New Paper: The local planning-economic development nexus in transitioning resource-industry towns: Reflections (mainly) from BC
Congratulations to Roger Hayter on his newest paper "The local planning-economic development nexus in transitioning resource-industry towns: Reflections (mainly) from British Columbia"
"Local economic restructuring in a once dominant economic base, resource remapping imperatives that are privileging long neglected environmental values and aboriginal rights, and local empowerment are three intersecting themes that contextualize the idea of transitioning resource towns. Drawing especially from BC experience, this paper seeks to better understand transitioning resource towns from the perspective of the local planning-economic development nexus. While literature on resource town rejuvenation has emphasized local initiative and empowerment the role of local planning has been largely neglected. Yet local (‘municipal’) planning is a quintessentially local activity that profoundly shapes the routines of daily life through legally mandated ‘official’ plans that are required to draw upon community participation to meet collective community goals. However, the relationships between local planning and local development are problematical as they co-evolve in path dependent ways, sometimes in harmony with each other and sometimes not. Indeed, the onset of transitioning among resource towns implies important changes in the planning-development nexus. Initially, as resource towns boomed local planning played a subservient role in support of ‘given’ export-drive development. With the onset of transitioning, local planning is challenged to become part of more pro-active local efforts to promote development. In practice, transitioning can be a durable status as restructuring and remapping imperatives reframe local governance and impose significant, inter-locking uncertainties on the planning-development planning nexus, often in association with increased regional networking. Even though transitioning suggests a search for new identities, the geographic realities of resource towns often implies mega-project proposals are enticing. Yet, these proposals are speculative, often opposed by remapping agents, and not easy to plan. Thinking about future development is also constrained by the inheritance of past plans that for many transitioning towns feature obsolescing downtown cores that comprise deteriorating commercial activities, housing stocks, infrastructure, and environmental clean-up issues. While these problems are varied, deep-seated and difficult to address, their rejuvenation illustrates the proactivity of local planning in leading development that can potentially benefit communities in relation to job creation, housing needs, commercial vitality, image and identity. Cooperative approaches among regionally connected transitioning towns and adjacent communities is suggested as a possible way of approaching the conundrums posed by obsolescing cores in transitioning towns."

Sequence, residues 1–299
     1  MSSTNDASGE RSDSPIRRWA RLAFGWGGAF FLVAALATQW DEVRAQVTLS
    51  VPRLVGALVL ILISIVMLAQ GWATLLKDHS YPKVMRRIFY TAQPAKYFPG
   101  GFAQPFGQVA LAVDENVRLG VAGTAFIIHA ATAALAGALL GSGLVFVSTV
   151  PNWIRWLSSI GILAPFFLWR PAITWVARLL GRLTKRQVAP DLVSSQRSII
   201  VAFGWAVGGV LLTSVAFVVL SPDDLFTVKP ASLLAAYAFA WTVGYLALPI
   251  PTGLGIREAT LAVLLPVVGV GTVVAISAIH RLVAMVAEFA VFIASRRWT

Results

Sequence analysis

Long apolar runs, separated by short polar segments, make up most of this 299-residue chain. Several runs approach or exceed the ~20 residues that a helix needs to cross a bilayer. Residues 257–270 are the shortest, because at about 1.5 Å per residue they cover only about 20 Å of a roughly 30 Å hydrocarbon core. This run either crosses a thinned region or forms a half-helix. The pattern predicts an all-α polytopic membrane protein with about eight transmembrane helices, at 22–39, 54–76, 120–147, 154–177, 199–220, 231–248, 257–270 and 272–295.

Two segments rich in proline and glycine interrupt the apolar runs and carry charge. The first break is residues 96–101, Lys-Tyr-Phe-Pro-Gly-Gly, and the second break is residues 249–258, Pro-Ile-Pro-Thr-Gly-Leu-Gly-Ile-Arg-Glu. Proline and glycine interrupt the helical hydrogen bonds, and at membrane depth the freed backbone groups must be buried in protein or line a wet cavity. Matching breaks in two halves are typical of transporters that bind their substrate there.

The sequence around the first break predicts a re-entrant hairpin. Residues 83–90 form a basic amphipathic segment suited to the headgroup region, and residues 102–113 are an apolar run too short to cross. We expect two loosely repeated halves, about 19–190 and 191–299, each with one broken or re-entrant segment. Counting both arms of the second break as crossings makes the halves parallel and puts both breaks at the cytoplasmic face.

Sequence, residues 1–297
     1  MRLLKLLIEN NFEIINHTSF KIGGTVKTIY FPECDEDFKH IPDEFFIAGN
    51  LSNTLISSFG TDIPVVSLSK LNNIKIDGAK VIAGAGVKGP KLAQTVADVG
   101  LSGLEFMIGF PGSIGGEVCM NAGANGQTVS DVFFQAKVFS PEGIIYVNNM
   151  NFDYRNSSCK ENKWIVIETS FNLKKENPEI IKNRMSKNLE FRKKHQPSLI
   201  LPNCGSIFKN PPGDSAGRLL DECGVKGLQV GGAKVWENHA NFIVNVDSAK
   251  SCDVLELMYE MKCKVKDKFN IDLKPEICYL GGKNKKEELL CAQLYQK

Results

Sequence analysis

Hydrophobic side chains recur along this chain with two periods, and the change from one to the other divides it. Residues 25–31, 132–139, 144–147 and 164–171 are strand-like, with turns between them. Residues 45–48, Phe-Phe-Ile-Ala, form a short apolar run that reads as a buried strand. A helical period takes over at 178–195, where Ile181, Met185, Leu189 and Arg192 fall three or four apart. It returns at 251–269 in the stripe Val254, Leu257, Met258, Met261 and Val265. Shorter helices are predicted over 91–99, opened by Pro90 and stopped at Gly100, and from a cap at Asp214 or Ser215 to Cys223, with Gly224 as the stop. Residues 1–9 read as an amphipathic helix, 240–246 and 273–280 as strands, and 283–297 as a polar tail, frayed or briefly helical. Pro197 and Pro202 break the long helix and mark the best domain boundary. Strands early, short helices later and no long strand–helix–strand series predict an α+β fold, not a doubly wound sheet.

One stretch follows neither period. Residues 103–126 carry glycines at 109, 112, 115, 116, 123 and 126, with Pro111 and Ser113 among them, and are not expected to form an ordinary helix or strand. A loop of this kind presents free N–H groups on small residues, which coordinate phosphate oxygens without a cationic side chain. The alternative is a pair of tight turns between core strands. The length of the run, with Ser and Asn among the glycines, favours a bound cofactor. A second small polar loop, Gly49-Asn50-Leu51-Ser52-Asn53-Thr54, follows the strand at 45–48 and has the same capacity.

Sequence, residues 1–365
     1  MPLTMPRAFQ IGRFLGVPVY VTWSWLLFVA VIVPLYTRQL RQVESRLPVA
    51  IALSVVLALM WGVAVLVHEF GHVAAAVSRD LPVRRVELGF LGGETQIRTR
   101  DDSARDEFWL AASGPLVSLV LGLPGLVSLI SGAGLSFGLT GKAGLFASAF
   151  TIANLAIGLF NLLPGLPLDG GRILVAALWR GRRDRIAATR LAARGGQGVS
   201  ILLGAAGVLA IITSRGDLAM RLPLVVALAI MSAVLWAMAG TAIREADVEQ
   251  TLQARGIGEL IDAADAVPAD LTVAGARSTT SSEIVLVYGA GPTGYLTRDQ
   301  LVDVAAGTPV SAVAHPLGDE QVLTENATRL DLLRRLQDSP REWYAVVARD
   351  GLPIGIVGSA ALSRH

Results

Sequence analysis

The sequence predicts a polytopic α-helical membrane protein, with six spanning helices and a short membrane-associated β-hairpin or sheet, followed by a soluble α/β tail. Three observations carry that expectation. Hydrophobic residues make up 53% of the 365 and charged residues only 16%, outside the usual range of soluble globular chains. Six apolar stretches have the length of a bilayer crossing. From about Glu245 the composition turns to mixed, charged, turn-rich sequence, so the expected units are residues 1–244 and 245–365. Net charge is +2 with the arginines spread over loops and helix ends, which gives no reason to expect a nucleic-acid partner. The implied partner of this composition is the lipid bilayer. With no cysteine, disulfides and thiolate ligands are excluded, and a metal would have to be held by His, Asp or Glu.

Roger Hayter: Retired Faculty member in the Department of Geography at Simon Fraser University.
Stephen Nieweler: PhD student (on leave) in the Department of Geography at Simon Fraser University.